8.How did you hired your first team members? What skills Do you want in your employees/team?
Integrity, knowledge and humility. I’d need people that are willing to learn, that have enough knowledge in certain subjects that either compliment or complete my knowledge. As well as someone that is humble enough to know when they are wrong, as well as someone that will stand up to me when they know that I am wrong.
9.What expansion plans are you looking for the next 2 years, next 5 years?
Currently, at the time of writing this, I am working on my personal brand, where I am building an online presence and brand. I am taking my knowledge and monetising it. I am being known, liked and trusted online. I struggled to work on hemp whilst building my brand. When people know who you are, then you can start different businesses and people will follow you over into it and therefore you have an existing community to tap into.
But, as I start working on We Want Hemp full time:
2 years: have a team with Hemp, selling products online mainly to the USA. Having already started a podcast for the brand. Moving into procurement and selling foodstuff and other household goods to the USA, UK and other markets.
Being known in the entrepreneur circles and communities by writing books, having created 1000’s of videos and interviewed 100’s of people for my podcast.
5 years: Be known internationally about entrepreneurship and helping 1,000,000 entrepreneurs become remarkable. And, championing hemp’s use and bringing it into the mainstream conscious.
10.Where do you want to see yourself in next 10 years?
I want to have this hemp business… procurement…
Have a strong personal brand…
I want to write 100 books in my lifetime, mainly fictional works…
11.What are your goals over the next 1, 3, 6 and 12 months?
1: Focusing on personal brand to get that off the ground so as to build momentum, in terms of subscribers, followers, book sales, podcast episodes, speaking engagements and consulting.
3: As the personal brand is very much running itself, or with plenty of backlog of content ready to be released on a daily basis; then focus on hemp. Getting into the habit, acquiring the knowledge and confidence to talk about it.
6:Get the personal brand up and running smoothly. Then turning my attention towards hemp; so as to produce content on a daily basis easily (just as easily as my personal brand), which will then bring traffic and sales to the website. Then it is a case of scaling up.
12: Both the personal brand and hemp are running smoothly, with a few virtual assistants that are helping me and doing the day to day operations. At which point I want to scale up Hemp so as to have a team in an office and begin doing new and other cool things with the business.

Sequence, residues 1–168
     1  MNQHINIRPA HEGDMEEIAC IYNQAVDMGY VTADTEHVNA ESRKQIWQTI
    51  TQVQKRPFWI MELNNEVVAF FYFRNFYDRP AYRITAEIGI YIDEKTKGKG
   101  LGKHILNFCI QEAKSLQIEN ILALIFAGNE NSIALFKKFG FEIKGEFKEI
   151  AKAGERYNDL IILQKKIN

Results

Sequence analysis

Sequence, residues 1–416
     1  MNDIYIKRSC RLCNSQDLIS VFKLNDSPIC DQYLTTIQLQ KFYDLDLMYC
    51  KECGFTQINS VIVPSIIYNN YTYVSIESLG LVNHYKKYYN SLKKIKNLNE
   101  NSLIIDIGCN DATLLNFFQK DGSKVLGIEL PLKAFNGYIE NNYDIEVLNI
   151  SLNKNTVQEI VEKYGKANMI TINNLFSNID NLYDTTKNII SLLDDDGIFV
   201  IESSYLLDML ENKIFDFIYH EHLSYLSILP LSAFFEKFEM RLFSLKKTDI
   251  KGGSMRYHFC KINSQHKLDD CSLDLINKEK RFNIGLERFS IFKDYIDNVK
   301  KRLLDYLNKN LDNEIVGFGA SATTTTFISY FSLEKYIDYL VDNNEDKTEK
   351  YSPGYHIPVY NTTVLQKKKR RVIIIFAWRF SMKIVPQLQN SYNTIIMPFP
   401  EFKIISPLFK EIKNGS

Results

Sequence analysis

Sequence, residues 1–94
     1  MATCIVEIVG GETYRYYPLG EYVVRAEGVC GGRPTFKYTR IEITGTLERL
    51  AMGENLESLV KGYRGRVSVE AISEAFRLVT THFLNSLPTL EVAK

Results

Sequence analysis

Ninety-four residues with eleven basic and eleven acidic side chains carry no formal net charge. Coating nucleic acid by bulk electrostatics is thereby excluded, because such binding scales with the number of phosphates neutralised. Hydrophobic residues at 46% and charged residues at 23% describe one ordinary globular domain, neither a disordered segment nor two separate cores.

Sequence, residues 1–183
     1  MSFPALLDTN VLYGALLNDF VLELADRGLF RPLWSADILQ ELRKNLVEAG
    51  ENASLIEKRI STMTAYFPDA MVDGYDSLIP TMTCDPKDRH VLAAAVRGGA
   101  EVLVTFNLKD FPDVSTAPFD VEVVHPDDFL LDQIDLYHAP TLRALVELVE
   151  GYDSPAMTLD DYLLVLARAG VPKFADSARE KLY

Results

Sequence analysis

12.Have you raised any funding? Or have any plans for the funding?
I have not, but once I have a small team, I would seek funding, whether investors or crowdfunding.
13.What were the problems you faced during the starting days and how did you resolve them?
The main problem I had is that I struggled to focus on two separate things at the same time.
I am using a strategy of inbound marketing, where I am creating content for people so they come to the website, and with a call to action; buy something. I could very easily create content for the personal brand, but not so with hemp, and this is something that was haunting me from the start. Therefore, I was unable to purely focus on one or the other- so one of them had to be put on the shelf temporarily.
The problem with hemp is that I had the products to sell, but little habit, confidence and knowledge in the subject to create content on mass. Where as the problem with the personal brand is that I had the content, ideas and knowledge, but no clearly defined ways to monetise it- and this is the easier problem to have and solve. Because I can continue to get the attention and traffic, and then figure out what product to sell.
It was difficult to focus on them both, so one of them had to be successful, so I could then hire a virtual assistant to help with some of the day to day operations. Then, by outsourcing and delegating, I could start to scale up the businesses.
14.What was the most challenging part of your journey till now? How did you overcome those challenges?
Hemp is a new industry to me and I had to learn about it- so this limited how much content I could create.